– A VERY brief history.
General Dynamics F-111 is one of the most controversial aircraft that ever
flew. Perhaps no other aircraft before or since has been so bitterly
criticized in the media. It suffered a protracted development cycle in
which numerous serious problems had to be identified and repaired, and
cost overruns came to be a serious concern. Of the several thousand that
had originally been planned, only 562 flight worthy examples of seven
different variants were completed. The F-111 was the subject of protracted
and bitter debates within the Congress, with opponents denouncing the
aircraft as a "flying Edsel" that was more dangerous to the US
than it was to any potential enemy.
after a prolonged development period in which many, many problems had to
be identified and fixed, the F-111 turned out to be one of the most
effective all-weather interdiction aircraft in the world. Although
vilified by some as being an unsafe and dangerous plane, the F-111 series
of combat aircraft established the best safety record of any of the
aircraft in the Century Series of fighters --- only 77 aircraft being lost
in a million flying hours.
F-111 never had an official Air Force popular name. However, because of
its long, pointed nose, the F-111A came to be known unofficially as the
"Aardvark", or just 'Vark for short.
the 1996 F-111 retirement ceremony at the Lockheed-Martin (formerly
General Dynamics) Plant in
Ft. Worth ,
Texas, the F-111 was officially named the “Aardvark”.
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Monogram F-111A started out life as a 1/48 scale Aurora TFX kit. I have
never seen one of these and tried to buy a few of them on Ebay, solely for
the collector value of it. It is my understanding that this kit was more
of a toy than what we consider today as a serious model kit.
Brandt summed it up the best….. (who’s name is on the decal sheet of
the Monogram kit!)
“The most obvious area is the incorrect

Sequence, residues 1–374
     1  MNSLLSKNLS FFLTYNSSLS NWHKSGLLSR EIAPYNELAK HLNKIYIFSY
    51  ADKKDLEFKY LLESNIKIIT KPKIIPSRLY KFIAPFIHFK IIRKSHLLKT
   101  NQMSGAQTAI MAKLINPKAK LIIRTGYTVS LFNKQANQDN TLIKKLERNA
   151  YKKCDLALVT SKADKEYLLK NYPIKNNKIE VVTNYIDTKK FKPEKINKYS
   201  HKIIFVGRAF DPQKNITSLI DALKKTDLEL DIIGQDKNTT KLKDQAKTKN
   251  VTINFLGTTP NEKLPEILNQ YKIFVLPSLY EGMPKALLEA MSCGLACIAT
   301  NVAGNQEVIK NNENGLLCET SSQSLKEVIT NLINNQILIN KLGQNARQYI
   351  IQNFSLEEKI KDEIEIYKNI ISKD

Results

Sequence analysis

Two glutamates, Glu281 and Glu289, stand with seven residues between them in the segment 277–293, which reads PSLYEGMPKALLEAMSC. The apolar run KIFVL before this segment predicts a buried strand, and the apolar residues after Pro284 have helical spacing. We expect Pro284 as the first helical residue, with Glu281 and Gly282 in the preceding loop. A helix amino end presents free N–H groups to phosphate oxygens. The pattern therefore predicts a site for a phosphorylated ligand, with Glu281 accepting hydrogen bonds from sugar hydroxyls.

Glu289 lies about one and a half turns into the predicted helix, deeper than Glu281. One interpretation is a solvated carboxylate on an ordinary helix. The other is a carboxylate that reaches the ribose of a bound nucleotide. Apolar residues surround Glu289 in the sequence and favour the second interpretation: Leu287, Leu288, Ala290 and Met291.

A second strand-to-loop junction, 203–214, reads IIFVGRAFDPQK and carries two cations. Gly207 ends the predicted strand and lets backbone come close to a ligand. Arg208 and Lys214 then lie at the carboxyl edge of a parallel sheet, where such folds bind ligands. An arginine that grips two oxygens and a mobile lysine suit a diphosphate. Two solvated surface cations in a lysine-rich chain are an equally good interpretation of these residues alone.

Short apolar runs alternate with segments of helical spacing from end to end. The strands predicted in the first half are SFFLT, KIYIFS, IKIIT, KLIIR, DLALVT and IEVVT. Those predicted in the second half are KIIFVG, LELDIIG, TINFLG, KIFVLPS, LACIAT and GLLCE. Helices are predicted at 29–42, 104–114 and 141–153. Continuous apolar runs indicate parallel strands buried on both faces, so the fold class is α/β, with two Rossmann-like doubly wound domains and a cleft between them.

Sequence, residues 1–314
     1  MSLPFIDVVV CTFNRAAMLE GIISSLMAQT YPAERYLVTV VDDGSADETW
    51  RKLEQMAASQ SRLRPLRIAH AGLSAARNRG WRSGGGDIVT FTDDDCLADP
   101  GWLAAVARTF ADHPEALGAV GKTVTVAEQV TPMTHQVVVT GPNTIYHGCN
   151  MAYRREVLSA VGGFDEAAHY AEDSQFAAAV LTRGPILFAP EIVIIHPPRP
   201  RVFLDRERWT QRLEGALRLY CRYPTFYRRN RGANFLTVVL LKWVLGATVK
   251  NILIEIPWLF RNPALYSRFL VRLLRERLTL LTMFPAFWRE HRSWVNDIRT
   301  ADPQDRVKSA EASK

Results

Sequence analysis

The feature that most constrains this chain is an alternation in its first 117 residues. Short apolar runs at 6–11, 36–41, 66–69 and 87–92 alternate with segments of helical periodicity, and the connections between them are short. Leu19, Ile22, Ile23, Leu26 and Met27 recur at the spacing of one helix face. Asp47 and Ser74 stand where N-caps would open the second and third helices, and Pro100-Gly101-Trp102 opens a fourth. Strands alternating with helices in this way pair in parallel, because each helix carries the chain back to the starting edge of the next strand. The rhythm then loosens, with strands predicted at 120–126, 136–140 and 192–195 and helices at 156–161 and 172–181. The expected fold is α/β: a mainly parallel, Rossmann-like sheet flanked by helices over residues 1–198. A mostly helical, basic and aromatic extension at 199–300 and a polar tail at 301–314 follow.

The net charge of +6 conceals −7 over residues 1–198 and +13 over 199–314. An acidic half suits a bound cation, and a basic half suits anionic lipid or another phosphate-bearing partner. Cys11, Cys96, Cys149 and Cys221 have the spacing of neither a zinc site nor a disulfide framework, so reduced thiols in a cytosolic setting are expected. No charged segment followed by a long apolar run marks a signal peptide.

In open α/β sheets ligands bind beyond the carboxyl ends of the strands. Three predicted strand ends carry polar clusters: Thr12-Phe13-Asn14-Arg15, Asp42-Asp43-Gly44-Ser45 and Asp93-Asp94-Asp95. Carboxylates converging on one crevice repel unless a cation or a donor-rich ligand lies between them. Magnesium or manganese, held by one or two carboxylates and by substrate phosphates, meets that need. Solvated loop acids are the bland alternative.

fuselage shape. Although Monogram redid the downward "swoop" of
the radome, the top planview reveals that the taper from the capsule to
the pitot is still too rapid, ala Aurora. The fuselage hump aft of the canopy was changed somewhat (more
filleting), but still doesn't flow gently toward the strake that comes
forward from the vertical fin. And, that strake is much too thick and
doesn't taper to a sharp edge along the top.
The canopy has been recast in Monogram's outstanding thin, clear style.
Unfortunately, it, too, is simply a copy of the Aurora
version--and it's inaccurate! The real F-111 canopy lower line is not
horizontal in relation to the fuselage center line, but has a definite
downward slant toward the radome. And, the top view of the actual canopy
reveals a windshield profile that does not curve in toward the nose nearly
as much as that of the Monogram/Aurora version. To produce an accurate
canopy for this model, the builder will either have to reshape the
windshield panels from clear sheet, or vacuform a whole new canopy.
Another glaring discrepancy is the turned-in engine inlet lips; they're
simply not correct! And, the engine lower housing should sweep up much
more dramatically, starting at a point even with the aft main landing gear
door. The inlet spike air bleed holes and splitter plates remain unchanged
from Aurora and feature the artistry of what must be the Matchbox "Trench
Digger's" brother. Monogram redid the seats, but retained the totally
The landing gear strut and trunnion assemblies have been done from scratch
and are a great improvement. The Aurora
wheels will need to be widened. The speed brake is improperly contoured;
it should be wider and the sides should curve up to meet the fuselage
curve (after the engine contour is moved upward).
The strakes that jut out of the lower empennage have been retained from Aurora, and are still incorrect.
They should stick out at approximately 60
degrees from the horizontal, and they should be moved upward about
The afterburner assemblies are too long and too small in diameter, and the
hydraulically- actuated "fingers" (there should be six, not
four) that actuate the nozzle leaves do not taper correctly.
The "speed bumps" which extend aft beside the nozzles have been
correctly chopped off by Monogram, but should have a circular, not oval,
cross section. And, the tail bumper/tail hook housing is much more
prominent in the real bird than the small ridge that has been added by
As for ordnance release assemblies, Monogram chose to use TERs (can you
say "eff- four?"), which have NEVER been used by the F-111
fleet! The modeler will have to construct the correct BRUs.
Monogram added raised panel detail over the entire airframe, but went too
far when they added "blow-in doors" aft of the intakes; the A
model doesn't have 'em! The serial number on the decal sheet applies to a
1977 aircraft of the 429 TFS "Black Falcons" (today it's the 429
ECS (EF-111As--last of the USAF Varks) at Cannon AFB). If the builder uses
the green markings of the 442 TFTS, another serial number will be